Though the Blue River system was supposed to meet the city's needs through 1970, the 1954 announcement that the Air Force Academy would be located here caused a search for more water. The year before, the Twin Lakes Reservoir and Canal Co. had coldly rebuffed an offer of $14 million for the Lake County reservoir.
The city of Aurora signed on as a partner, and so was launched the largest water project in Colorado Springs history.
It caused an outcry on the Western Slope, where local officials saw it as an illegal water grab. But, in 1961, the Colorado Supreme Court said there was nothing in the law that said water had to remain in the watershed where it originated.
The Homestake system, which began operating in 1967, funnels water five miles under the Continental Divide into Turquoise Reservoir near Leadville. It is pumped 750 feet through the Mosquito Mountains to Spinney Mountain Reservoir, then to another pump station near Divide, and into Rampart Reservoir and finally to faucets, a 120-mile journey.
It cost $41 million, the most expensive project to date, but pennies compared with what was to come.
Tapping the Fryingpan
Farmers in the lower Arkansas Valley, home to a thriving sugar-beet industry, had been trying to build a diversion through the Continental Divide since the 1920s. By the mid-1950s, it had taken the shape of a diversion from the Fryingpan River near Aspen, under the Continental Divide to Twin Lakes, terminating with the construction of the new Pueblo Reservoir. The U.S. Bureau of Reclamation agreed to build it.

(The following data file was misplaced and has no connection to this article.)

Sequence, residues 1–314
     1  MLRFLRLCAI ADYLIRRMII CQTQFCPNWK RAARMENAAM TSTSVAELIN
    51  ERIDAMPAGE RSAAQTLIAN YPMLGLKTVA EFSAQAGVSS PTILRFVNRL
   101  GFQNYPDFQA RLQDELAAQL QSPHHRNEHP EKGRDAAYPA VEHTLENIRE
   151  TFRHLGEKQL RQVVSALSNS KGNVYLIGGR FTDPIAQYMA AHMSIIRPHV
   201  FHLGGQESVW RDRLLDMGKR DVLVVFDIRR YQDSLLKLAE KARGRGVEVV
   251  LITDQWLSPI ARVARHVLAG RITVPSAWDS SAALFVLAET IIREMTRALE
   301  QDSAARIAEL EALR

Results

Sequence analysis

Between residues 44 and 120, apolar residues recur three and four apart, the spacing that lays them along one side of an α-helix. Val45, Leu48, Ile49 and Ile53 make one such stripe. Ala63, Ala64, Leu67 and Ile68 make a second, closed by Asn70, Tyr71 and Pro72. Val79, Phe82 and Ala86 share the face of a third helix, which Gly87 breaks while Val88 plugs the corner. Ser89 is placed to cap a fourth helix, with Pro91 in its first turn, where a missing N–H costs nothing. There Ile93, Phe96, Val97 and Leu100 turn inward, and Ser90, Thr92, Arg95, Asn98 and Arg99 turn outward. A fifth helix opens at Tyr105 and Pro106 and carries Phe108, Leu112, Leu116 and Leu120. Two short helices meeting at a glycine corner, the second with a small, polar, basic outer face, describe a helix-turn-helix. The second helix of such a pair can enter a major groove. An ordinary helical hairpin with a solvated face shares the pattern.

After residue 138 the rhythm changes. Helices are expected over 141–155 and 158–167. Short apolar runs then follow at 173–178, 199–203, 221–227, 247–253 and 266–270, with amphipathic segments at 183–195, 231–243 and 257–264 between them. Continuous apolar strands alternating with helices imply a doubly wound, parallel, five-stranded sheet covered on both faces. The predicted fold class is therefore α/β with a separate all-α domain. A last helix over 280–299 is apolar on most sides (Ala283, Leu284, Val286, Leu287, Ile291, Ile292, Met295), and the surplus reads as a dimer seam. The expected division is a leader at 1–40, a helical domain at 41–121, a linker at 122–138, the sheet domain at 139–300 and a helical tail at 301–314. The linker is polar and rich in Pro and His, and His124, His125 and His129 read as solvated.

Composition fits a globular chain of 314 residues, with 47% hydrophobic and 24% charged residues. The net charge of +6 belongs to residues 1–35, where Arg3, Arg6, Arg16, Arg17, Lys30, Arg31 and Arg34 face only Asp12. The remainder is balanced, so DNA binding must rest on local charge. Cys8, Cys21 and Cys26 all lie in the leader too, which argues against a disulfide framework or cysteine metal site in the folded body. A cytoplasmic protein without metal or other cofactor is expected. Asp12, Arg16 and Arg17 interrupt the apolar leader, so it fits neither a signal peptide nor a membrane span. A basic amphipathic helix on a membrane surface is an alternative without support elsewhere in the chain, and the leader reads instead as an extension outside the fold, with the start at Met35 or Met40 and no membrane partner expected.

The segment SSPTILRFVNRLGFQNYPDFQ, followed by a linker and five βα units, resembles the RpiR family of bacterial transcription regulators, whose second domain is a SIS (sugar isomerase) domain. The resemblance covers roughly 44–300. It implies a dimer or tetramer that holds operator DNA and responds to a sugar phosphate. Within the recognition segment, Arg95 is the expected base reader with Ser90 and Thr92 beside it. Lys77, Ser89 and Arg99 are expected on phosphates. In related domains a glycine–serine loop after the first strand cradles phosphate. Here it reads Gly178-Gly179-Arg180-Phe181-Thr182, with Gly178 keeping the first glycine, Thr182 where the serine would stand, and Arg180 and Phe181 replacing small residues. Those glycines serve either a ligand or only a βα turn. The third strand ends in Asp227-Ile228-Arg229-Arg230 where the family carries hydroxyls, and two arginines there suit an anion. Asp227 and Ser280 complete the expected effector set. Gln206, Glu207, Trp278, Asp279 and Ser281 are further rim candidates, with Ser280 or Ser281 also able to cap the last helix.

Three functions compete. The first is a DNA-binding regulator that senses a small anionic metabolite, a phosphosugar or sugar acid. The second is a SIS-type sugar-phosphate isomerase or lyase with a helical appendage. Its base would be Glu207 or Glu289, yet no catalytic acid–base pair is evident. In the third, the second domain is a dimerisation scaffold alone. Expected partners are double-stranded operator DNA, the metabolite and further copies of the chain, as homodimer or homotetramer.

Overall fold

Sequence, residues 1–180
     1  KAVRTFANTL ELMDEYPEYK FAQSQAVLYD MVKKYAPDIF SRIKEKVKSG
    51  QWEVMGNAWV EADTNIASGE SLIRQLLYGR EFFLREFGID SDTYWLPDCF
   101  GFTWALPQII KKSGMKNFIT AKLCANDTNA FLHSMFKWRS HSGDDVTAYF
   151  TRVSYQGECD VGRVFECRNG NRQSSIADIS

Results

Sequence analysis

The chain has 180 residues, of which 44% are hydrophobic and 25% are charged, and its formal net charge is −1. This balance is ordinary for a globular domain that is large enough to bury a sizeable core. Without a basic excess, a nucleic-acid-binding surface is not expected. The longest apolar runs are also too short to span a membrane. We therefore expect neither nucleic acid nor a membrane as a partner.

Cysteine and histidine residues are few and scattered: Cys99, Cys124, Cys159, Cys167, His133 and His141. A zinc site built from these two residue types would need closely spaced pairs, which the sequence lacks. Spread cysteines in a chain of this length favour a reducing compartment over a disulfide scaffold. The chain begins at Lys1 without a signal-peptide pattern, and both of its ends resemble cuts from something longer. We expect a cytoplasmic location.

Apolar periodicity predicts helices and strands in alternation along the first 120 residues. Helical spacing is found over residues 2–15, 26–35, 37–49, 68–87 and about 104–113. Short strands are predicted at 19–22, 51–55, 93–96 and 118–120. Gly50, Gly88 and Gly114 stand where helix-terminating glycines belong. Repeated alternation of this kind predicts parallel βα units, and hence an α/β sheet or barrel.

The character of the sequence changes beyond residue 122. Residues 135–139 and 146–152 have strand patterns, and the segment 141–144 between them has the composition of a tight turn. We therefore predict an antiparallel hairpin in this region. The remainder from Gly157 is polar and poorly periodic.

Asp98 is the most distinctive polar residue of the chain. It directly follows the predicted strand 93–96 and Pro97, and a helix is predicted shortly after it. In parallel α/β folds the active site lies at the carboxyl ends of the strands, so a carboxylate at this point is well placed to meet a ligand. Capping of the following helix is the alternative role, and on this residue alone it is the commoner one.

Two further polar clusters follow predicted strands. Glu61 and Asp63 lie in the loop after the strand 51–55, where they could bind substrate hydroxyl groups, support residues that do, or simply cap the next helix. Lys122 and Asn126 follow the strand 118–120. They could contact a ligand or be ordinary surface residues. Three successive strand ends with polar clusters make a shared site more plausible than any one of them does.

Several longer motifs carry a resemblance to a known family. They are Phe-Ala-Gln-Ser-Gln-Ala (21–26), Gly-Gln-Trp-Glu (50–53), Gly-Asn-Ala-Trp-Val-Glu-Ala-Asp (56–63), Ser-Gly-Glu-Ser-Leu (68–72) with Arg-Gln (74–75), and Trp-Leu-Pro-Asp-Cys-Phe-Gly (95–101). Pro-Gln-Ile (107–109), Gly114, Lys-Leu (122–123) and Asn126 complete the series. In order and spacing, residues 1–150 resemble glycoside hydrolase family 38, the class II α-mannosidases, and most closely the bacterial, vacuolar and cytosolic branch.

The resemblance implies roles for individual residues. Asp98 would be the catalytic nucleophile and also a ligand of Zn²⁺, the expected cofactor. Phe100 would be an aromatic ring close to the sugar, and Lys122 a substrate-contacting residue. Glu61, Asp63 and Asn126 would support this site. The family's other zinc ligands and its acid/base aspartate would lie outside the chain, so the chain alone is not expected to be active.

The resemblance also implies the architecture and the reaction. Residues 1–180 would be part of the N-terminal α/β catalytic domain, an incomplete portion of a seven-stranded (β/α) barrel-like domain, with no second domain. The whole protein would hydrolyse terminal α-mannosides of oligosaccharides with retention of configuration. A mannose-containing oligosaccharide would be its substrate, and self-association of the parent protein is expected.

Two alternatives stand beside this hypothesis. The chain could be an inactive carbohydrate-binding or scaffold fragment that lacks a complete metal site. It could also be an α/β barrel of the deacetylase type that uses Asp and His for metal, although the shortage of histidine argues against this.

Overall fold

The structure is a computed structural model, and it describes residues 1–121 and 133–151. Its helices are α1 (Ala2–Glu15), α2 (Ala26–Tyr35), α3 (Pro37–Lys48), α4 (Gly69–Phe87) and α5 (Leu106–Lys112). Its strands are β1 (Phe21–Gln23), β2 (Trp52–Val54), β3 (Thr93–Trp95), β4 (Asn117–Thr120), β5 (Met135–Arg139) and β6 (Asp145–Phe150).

Conservatives saw the idea as a multimillion-dollar giveaway to farmers who were already being paid not to grow crops. The Western Slope and California saw it as a threat to the Colorado River. Defeating it in Congress was an annual rite.
But when the project's focus was changed to municipal water, hydroelectric generation and recreation, much of the opposition vanished, and it passed Congress in 1962. It cost $500 million, to be repaid by water users, including Colorado Springs, Fountain, Widefield, Security and Stratmoor Hills, who together pay 72 percent of the cost.
In 1972, Colorado Springs finally bought into Twin Lakes Reservoir for an initial price of $13.5 million. Subsequent purchases give Colorado Springs a majority interest in the water.
Getting the water here was the problem. The Homestake Pipeline could handle only so much, so the Bureau of Reclamation conceived the Fountain Valley Authority pipeline from Pueblo Reservoir.
But pumping water 1,510 feet uphill turned out to be easier said than done.
The pipeline leaked. It froze. Pumps broke down. Birds pecked holes in the roofs of the five pumping stations.
The authority, formed by local governments to oversee the pipeline, told the bureau it did not want the pipeline until the problems were fixed.
"It has been one nightmare after another," authority President Jim Phillips told The Gazette in November 1984. "(The project) seems to be a lemon."